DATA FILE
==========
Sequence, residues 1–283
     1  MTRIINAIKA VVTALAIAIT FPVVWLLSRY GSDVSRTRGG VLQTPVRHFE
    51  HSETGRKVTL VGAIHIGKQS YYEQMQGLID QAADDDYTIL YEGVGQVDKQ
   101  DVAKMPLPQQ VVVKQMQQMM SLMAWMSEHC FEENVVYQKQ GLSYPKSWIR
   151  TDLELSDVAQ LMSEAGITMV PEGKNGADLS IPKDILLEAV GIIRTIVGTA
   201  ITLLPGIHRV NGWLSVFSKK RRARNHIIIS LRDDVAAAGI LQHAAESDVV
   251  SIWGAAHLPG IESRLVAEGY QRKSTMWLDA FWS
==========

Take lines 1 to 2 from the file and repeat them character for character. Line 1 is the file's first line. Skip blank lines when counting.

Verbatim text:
Sequence, residues 1–283
     1  MTRIINAIKA VVTALAIAIT FPVVWLLSRY GSDVSRTRGG VLQTPVRHFE